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Jacob Fromer is NK News's Washington DC correspondent. He previously worked in the U.S. Senate.
The Trump administration has done “little to hold North Korea to account” after repeated missile tests, and should “step up” enforcement of sanctions on the country, a bipartisan pair of U.S. Senators wrote this week in a letter to the State and Treasury Secretaries.
The letter — written by Senator Bob Menendez, the top Democrat on the foreign relations committee, and Senator Cory Gardner, the Republican chair of the committee’s East Asia panel — comes after North Korea conducted four rounds of missile tests last month, all while the coronavirus was spreading rapidly around the world.
Multiple European governments, along with South Korea, already condemned the North’s missile tests as dangerous and inappropriate during a pandemic, but President Trump’s response to the launches — his reaction after the first test, he said, was “no reaction” — seems to have attracted the ire of members of Congress from both political parties.
“We write to underscore the growing threat posed by the [DPRK] and request that you urgently prioritize resources within your respective agencies to step up enforcement of U.S. and United Nations (U.N.) sanctions on the North Korean government, while ensuring that humanitarian aid can reach the North Korean people, consistent with U.S. and international law,” the Senators wrote.
“We urge you to continue to make clear that the ultimate objective of United States policy remains to seek denuclearization of the DPRK, a longstanding policy goal enshrined in U.S. law,” they wrote.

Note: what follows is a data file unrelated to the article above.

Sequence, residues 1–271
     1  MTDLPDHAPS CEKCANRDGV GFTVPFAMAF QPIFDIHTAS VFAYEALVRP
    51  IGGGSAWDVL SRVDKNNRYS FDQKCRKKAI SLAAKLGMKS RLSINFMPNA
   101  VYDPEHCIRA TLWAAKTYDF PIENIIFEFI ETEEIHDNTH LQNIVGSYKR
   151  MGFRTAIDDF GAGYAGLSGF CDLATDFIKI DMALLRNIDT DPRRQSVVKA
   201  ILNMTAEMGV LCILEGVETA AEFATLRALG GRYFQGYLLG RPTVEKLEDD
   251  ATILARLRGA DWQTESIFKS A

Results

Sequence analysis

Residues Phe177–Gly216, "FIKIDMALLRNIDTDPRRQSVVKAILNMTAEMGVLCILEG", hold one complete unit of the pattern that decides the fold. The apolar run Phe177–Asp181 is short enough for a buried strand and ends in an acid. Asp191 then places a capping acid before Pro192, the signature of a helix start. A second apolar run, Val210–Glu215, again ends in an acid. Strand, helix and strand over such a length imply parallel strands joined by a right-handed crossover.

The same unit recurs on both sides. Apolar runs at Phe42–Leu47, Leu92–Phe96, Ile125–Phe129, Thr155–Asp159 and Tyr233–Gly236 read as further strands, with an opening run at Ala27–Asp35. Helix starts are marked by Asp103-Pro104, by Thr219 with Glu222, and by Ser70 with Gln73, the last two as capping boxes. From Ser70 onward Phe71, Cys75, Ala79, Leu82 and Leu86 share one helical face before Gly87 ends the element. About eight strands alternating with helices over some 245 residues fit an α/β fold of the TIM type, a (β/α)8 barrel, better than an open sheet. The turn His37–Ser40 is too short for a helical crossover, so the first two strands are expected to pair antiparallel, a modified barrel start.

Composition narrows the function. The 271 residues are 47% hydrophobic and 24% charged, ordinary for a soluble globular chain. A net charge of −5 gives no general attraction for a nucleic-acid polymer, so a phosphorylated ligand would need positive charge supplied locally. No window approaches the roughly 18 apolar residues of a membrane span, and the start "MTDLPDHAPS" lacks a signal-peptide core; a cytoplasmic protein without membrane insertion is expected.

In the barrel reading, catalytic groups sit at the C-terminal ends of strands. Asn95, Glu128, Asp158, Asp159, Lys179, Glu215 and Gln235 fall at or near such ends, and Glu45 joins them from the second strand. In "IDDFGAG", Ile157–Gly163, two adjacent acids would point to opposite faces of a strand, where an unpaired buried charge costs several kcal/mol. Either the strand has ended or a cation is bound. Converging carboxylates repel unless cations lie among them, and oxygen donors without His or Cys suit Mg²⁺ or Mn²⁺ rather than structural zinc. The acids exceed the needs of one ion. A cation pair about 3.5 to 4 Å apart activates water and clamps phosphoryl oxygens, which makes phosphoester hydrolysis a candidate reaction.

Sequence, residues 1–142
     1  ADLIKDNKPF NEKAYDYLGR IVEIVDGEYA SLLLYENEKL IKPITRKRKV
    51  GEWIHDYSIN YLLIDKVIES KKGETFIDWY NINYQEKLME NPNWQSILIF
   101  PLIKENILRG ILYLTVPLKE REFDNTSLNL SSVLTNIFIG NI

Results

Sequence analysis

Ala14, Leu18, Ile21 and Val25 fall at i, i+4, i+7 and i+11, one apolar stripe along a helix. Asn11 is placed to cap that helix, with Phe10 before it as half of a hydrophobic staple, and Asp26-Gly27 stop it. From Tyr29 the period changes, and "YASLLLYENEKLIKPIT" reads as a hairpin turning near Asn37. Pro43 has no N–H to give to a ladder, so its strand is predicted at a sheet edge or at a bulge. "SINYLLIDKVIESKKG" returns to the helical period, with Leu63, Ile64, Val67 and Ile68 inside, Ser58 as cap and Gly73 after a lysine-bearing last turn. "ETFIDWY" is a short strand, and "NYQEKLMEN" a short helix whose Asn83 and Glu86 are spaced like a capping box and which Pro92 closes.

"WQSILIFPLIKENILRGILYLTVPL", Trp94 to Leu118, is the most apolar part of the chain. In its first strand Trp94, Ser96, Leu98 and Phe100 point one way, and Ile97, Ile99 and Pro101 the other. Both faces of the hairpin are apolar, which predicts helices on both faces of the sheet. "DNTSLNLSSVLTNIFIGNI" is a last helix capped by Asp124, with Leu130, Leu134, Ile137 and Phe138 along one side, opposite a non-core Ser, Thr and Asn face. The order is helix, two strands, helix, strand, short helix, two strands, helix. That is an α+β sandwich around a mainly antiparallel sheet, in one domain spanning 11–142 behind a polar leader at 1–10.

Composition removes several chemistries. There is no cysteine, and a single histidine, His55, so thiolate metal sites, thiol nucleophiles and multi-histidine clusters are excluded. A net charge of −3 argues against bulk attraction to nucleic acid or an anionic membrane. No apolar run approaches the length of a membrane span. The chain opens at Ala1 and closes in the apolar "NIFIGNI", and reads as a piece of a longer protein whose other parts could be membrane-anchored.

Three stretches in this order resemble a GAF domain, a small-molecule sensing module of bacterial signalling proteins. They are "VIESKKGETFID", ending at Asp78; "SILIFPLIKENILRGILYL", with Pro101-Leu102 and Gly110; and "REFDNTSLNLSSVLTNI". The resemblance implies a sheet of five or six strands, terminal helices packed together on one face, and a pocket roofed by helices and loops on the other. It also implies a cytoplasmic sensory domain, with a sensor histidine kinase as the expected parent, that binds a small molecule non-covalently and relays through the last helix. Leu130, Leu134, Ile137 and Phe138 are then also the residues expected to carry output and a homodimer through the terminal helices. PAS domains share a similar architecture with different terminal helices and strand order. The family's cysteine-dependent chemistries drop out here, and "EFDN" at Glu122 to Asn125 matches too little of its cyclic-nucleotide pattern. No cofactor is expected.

The Senators added that North Korea had conducted at least 26 missile tests last year as well.
“Yet the administration did little to hold North Korea to account, sending a dangerous signal,” they continued.
“Without the administration’s strong and continued condemnation of these launches and additional deterrent measures from the United States and with our allies and partners, North Korea will continue to expand its ballistic missile capabilities.”
The letter was addressed to Secretary of State Mike Pompeo and Treasury Secretary Steven Mnuchin.
The two Senators accused the administration of not doing enough to enforce existing sanctions laws, in order to put pressure on the government in Pyongyang.
“The United States cannot continue to stand silent – or be complicit – as the sanctions regime erodes,” they said.
If the letter is noticed by Pyongyang — the North Korean foreign ministry called Gardner “mentally deranged” in 2017 — it will likely anger the regime, which says it vehemently opposes sanctions and sees the U.S. as a threat.
Last week, after Secretary Pompeo told a meeting of G7 foreign ministers that the world must “remain united” on the North Korea nuclear issue, the North said the chief U.S. diplomat was making diplomacy less likely.
“Hearing Pompeo’s reckless remarks, we dropped the interest in dialogue with further conviction,” an official in charge of negotiations with the U.S. reportedly said, according to DPRK state media.
The two countries have been caught in a diplomatic stalemate for more than a year over nuclear weapons and sanctions, and their negotiators have not met face-to-face in months.
The Trump administration has done "little to hold North Korea to account" after repeated missile tests, and should "step up" enforcement of sanctions on the country, a bipartisan pair of U.S. Senators wrote this week in a letter to the State and Treasury Secretaries.
The letter -- written by Senator Bob Menendez, the top Democrat on the foreign relations committee, and Senator Cory Gardner, the Republican chair of the committee's East Asia panel -- comes after North Korea conducted four rounds of missile tests last month, all while the coronavirus was spreading rapidly around the world.